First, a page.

Archive for October, 1994
Over the past month or so, the Army has been conducting large-scale “search” operations in various parts of Karachi. Beginning with the sudden pre-dawn encirclement of Jacob Lines and continuing with areas as diverse as Natha Khan Goth, Pak Colony, Paposhnagar, etc, the well-kept surprise raids have unearthed large quantities of arms, ammunition, stolen vehicles, wanted criminals, etc. As the Army (backed up by Rangers and Police) have become more sophisticated in their moves, so have those whom they are attempting to bring to book, as such the spectacular results of the first few operations have not been repeated on the same scale. However, there have been a sharp decline in the level of criminal activity. In contrast to the general relief coursing through the general public, for those with motivated interest to keeping Karachi aflame this has not been well received. It is not surprising, therefore, to find them using diversionary tactics and disinformation in trying to undo the Army’s success.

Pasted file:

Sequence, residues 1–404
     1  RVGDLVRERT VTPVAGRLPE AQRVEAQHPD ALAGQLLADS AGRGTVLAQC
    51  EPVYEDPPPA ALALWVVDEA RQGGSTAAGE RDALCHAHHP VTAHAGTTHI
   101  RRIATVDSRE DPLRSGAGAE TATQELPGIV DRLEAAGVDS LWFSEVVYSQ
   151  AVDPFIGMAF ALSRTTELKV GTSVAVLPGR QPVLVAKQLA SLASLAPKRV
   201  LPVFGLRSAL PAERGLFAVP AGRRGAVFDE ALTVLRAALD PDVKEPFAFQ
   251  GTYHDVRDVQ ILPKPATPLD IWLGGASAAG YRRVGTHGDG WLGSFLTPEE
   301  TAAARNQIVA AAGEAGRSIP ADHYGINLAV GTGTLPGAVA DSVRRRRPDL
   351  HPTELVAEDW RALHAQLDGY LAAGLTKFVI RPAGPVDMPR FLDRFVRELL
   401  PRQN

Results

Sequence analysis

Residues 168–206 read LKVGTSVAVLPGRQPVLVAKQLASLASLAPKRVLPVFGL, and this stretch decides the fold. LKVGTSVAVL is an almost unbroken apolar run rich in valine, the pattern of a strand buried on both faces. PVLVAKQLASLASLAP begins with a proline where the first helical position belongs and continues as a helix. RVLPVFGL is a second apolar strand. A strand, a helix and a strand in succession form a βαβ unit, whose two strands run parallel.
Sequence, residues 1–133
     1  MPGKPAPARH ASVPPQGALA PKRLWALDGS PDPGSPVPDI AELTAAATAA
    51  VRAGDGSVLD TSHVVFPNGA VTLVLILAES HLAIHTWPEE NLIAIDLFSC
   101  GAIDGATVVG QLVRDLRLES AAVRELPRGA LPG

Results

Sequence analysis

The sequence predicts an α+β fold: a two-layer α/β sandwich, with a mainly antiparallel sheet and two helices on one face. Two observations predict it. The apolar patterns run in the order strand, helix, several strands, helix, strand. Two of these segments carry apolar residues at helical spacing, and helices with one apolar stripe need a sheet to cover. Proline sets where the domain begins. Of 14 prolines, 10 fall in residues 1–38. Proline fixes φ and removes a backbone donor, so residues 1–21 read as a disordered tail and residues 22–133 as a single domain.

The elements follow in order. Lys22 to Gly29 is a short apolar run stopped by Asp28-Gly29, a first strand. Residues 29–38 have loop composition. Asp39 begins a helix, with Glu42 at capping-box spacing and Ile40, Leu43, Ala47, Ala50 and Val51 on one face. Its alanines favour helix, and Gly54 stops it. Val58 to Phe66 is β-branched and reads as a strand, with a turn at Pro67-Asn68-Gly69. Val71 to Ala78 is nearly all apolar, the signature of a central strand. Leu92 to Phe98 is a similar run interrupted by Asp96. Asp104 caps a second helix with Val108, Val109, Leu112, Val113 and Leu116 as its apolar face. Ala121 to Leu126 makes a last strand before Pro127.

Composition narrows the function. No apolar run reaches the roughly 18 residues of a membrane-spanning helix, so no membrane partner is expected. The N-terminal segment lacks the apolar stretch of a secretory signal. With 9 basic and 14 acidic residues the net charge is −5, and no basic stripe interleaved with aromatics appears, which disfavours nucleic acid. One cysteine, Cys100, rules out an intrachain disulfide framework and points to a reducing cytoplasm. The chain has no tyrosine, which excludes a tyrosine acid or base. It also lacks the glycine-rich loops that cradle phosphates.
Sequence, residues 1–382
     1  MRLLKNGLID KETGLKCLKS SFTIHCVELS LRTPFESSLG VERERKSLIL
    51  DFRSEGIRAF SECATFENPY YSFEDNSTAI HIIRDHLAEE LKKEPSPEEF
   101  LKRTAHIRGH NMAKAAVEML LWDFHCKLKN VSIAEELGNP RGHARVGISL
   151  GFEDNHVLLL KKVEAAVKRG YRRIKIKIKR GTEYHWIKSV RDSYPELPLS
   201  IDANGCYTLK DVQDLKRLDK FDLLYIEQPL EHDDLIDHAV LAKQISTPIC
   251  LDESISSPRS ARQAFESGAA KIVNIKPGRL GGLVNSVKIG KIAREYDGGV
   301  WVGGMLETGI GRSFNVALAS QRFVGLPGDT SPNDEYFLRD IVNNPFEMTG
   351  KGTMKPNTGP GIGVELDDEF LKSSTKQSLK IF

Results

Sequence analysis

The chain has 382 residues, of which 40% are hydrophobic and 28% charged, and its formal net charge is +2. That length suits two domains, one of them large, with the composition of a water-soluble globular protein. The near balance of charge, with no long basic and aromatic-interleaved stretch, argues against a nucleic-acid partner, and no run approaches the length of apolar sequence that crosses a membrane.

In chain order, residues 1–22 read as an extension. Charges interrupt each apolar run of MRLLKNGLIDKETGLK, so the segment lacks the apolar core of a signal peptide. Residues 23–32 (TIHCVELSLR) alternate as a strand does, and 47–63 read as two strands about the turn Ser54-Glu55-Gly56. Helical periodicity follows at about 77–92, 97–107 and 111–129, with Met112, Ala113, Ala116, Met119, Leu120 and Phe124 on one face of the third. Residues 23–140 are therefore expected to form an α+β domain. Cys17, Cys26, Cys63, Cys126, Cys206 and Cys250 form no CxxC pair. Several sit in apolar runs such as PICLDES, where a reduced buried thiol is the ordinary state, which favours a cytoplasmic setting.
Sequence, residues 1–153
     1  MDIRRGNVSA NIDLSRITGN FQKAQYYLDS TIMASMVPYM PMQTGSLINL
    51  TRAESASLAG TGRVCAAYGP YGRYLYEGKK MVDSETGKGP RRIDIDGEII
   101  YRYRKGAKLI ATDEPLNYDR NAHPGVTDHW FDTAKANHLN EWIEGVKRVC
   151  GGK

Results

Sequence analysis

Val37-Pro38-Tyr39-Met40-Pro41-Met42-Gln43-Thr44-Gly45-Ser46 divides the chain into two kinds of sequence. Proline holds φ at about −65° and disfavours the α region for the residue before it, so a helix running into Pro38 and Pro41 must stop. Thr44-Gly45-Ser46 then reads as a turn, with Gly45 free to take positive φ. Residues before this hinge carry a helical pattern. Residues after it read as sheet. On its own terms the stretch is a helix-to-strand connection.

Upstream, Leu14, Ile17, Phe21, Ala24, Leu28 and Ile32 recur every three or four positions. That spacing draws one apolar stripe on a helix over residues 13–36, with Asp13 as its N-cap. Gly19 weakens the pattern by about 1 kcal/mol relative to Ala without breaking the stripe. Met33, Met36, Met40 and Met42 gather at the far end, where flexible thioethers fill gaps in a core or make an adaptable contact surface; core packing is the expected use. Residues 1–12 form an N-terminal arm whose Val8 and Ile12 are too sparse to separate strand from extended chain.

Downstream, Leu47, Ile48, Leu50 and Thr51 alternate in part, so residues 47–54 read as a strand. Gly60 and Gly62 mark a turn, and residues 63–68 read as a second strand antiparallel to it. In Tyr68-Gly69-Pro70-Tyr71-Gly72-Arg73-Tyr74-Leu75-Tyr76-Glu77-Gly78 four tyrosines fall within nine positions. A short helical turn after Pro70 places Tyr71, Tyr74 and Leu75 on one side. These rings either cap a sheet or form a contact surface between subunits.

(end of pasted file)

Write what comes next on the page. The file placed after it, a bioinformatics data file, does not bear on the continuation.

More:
The one startling observation to emerge from the continuing process is that despite facing hardships, the citizenry have only raised muted protest at what would normally have been taken to be harassment and humiliation amounting to grave provocation. No one likes to live under curfew, not being allowed to go to work, bereft of the daily necessities of life, for children to be confined at home away from school, etc. In spite of the sense of persecution that the citizens were imbued with over the past two years, they seem to have taken the inconvenience with good spirit. This phenomenon is representative of the strong public perception that the Army from its hierarchy down to the common soldier are now genuinely enthused about performing the mission allotted to them without fear, favour, personal ambition or any vested motivation, i.e., the Army is sincere about restoring the rule of law in the Province of Sindh in general and the city of Karachi in particular, that Operation Clean Up is no longer directed primarily against the MQM and by extension against themselves as a whole community. This strong feeling of neutrality has permeated into the sub-conscious of the people of this city giving hope to restoration of the peaceful quality of life that they once enjoyed in Karachi. While the metamorphosis has been quite complex, the Army is itself relieved to have ceased a no-win campaign against those who had been perceived to have been their natural allies since independence in 1947. One can even perceive in the mass perception a gradual return to the admiration for a once-revered institution, albeit somewhat grudgingly still.